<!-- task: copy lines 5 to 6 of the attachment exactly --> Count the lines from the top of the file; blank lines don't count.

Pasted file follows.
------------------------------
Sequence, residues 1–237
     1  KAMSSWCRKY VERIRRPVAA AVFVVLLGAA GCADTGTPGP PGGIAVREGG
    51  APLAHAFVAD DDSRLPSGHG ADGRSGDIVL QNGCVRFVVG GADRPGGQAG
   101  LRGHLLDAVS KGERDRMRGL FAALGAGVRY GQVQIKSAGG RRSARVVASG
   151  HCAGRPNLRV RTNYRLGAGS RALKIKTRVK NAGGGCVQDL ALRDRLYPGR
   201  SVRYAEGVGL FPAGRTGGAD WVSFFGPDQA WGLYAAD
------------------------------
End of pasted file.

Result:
   151  HCAGRPNLRV RTNYRLGAGS RALKIKTRVK NAGGGCVQDL ALRDRLYPGR
   201  SVRYAEGVGL FPAGRTGGAD WVSFFGPDQA WGLYAAD